Thursday, February 26, 2009
To Scale: Reversal, the Map as Living Story(ies) 1.1
While each of Auggie’s photographs in their imagery, a frozen moment of life, a sliver of time (an x-ray, a cut) they are mathematically held to a tempo of daily precision, 8:00 a.m. every morning. However, the accuracy depends in Auggie’s punctuality. In Amsterdam RealTime, the precision is certain as the GPS data is absolute and while no imagery or sounds are captured, an abstract image exposing the routines of the city is created out of the accumulation of movements (lines) through the city. NY A/V is also tied to a choreography that of the mapmaker, from sunrise to sunset for seven days, every fifteen minutes 40 feet forward and the zoom capacity of the audio/video camera. However mechanical time is absolute and it ticks forward regardless of any obstacles along the way. BiCi_N achieves its mathematical accuracy out of its basic framework as an extension of the human body living the city unencumbered by the process. Both of these projects, BiCi_N and NY A/V map, are individual and collective, and are generative and participatory. However, while attempting to be from below and at street level, NY A/V is still presenting one point of view, that of a map-maker conscious of the process, that of an authority as opposed to that of a participant in the city.
In the explorations of the reversal of from above to from below and the merging of drawing and moving image, scale becomes the body in the city as the document itself. In this discussion scale becomes full scale. But more importantly, a single point of view becomes multiple points of views. Rather than from a fixed and dominant point of view the BiCi_N project aims to understand the city from within, from below and from the informal, input of the many. The project collects multiple subjectivities as multiple users (5,000,000 users, 1,500 bikes) “cycle” the city. Cycling as the city cycles, the inhabitants read and write their stories, composing “a manifold story that has neither author nor spectator”. These multiple viewpoints “shaped out of fragments of trajectories and alterations of spaces” will replace the singular totalizing view from above, replacing the map of the static with a map of the ephemeral produced by its occupant for its occupants. By multiplying viewpoints a totalizing map from below is created.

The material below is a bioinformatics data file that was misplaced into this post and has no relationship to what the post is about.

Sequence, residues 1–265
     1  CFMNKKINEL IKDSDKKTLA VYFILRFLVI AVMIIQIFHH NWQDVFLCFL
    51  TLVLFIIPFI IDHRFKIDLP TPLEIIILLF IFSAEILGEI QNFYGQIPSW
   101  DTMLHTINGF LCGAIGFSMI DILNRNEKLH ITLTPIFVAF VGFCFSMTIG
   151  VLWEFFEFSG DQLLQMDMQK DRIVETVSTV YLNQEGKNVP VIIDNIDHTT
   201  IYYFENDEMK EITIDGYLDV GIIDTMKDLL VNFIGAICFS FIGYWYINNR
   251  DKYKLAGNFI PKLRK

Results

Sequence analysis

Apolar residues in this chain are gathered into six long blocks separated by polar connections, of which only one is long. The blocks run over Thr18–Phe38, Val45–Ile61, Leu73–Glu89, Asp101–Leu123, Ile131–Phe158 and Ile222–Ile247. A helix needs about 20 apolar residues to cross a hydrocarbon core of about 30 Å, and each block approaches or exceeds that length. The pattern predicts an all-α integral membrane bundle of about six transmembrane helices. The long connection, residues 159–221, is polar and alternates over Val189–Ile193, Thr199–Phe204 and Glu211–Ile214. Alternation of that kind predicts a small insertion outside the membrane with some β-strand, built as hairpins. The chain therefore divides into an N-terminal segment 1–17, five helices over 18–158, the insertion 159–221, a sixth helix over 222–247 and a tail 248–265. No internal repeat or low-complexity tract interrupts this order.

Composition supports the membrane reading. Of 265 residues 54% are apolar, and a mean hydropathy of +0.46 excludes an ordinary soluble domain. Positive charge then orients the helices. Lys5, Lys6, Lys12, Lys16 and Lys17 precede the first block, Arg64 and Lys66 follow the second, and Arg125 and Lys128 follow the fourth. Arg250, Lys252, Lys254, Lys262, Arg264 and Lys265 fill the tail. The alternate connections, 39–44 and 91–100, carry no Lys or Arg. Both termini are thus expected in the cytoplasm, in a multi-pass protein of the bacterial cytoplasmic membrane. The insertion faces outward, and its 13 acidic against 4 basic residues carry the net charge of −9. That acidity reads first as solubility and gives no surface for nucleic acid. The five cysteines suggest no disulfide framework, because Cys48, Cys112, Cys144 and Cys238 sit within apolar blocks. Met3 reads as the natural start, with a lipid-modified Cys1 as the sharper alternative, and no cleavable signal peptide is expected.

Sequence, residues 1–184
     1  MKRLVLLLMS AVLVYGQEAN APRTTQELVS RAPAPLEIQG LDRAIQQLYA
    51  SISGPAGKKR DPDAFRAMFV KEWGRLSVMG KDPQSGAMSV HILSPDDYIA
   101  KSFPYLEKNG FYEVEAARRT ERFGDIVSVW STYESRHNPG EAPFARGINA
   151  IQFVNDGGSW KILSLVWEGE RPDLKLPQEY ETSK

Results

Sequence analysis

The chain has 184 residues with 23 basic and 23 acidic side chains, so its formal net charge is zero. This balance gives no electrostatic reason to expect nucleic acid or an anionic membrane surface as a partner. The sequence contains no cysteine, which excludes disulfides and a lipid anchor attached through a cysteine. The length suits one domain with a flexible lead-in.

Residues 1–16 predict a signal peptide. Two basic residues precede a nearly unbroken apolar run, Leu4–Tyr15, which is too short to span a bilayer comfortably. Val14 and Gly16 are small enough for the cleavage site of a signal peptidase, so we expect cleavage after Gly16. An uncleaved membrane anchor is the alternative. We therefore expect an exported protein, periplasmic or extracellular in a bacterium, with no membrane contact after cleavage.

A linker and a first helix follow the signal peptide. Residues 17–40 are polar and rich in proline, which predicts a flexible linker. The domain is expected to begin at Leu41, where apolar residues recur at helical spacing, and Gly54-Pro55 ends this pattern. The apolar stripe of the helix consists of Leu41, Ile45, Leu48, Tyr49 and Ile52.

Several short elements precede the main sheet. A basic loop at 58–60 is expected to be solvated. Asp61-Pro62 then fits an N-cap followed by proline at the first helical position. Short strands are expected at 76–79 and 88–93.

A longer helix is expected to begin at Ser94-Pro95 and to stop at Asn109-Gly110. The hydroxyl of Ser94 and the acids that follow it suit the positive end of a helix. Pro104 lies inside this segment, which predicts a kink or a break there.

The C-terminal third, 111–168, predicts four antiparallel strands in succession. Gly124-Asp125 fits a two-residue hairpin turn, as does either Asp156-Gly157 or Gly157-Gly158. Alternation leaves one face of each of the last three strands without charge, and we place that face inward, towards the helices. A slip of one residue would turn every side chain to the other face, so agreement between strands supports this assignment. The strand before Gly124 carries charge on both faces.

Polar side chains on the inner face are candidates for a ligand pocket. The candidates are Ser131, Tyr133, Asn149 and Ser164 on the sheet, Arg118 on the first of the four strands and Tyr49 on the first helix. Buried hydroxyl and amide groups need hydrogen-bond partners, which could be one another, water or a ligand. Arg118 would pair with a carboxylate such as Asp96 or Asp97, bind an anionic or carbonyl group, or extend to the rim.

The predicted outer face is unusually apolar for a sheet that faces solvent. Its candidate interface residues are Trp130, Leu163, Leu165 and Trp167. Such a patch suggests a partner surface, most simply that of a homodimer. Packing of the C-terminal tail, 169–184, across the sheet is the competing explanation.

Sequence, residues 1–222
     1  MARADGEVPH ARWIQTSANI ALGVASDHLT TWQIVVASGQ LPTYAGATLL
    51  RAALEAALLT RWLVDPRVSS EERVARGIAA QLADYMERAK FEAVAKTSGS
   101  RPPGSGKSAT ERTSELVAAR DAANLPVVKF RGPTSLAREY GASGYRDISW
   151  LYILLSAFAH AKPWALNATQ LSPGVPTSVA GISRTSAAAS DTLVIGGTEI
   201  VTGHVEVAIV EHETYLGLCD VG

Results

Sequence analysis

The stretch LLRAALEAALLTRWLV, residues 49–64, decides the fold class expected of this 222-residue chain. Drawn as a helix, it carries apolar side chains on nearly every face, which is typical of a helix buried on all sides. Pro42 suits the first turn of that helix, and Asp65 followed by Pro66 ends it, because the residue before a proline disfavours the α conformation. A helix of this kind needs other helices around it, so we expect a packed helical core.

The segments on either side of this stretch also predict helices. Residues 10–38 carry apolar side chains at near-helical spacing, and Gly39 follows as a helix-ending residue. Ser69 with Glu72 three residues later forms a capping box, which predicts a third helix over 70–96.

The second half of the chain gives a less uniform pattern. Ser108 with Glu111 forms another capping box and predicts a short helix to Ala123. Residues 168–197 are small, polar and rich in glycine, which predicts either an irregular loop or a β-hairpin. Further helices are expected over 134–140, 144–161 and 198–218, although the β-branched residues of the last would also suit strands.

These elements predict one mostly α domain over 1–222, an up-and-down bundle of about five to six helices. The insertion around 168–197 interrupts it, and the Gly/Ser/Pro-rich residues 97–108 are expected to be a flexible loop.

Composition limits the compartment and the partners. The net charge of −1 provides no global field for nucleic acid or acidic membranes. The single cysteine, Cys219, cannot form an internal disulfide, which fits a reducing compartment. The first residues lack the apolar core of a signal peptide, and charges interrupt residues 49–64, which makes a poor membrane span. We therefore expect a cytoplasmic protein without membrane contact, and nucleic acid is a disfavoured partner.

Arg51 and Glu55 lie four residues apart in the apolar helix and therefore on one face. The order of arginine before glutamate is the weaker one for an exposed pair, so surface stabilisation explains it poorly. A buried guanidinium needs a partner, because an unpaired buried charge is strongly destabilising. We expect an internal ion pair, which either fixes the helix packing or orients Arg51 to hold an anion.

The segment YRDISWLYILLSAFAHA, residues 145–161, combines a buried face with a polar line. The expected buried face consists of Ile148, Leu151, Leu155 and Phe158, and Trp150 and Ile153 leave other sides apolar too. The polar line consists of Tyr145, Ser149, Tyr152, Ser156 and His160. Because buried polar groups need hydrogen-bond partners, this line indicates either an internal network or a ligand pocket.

We conducted a study in Barcelona, a sketch version of the larger proposed project. This one involved six users of the city during the period of two weeks using the Bicing transportation system equipped with GPS/audio/video as extensions of their body(ies) into the city, as drawing apparatuses. A collaboration was established with interactive design media firm Zemoga and film director Roy Ettinger as a way to fully explore the potential of this drawing/movie hybrid as well as to explore the potential of the interactivity of this as a living document. We worked on a movie/drawing, on section drawings/movies and on an interactive web site/map. Our biggest discovery was the potential of setting up the framework for a different kind of movie, one that would be written and rewritten by multiple users as they organized real-life footage into their own stories of the city. These movies would generate and regenerate as the city does. It would present the details of life and the collective as fictions of city life. But is this the map? Or does this also suggest a different kind of map? One that is also multiplicious by being edited and transcribed also by real users of the city, a document to be analyzed by many whether in an architectural, urbanistic or whether in a filmic or literary way. The city would be read via “fragments of trajectories” as assembled and organized to tell stories, to compare, to analyze. In this real time, abstract and realistic, mathematical and sensual, drawing/movie, interactive representation of the city, people would enter, connect, distribute, read, draw, and write their city.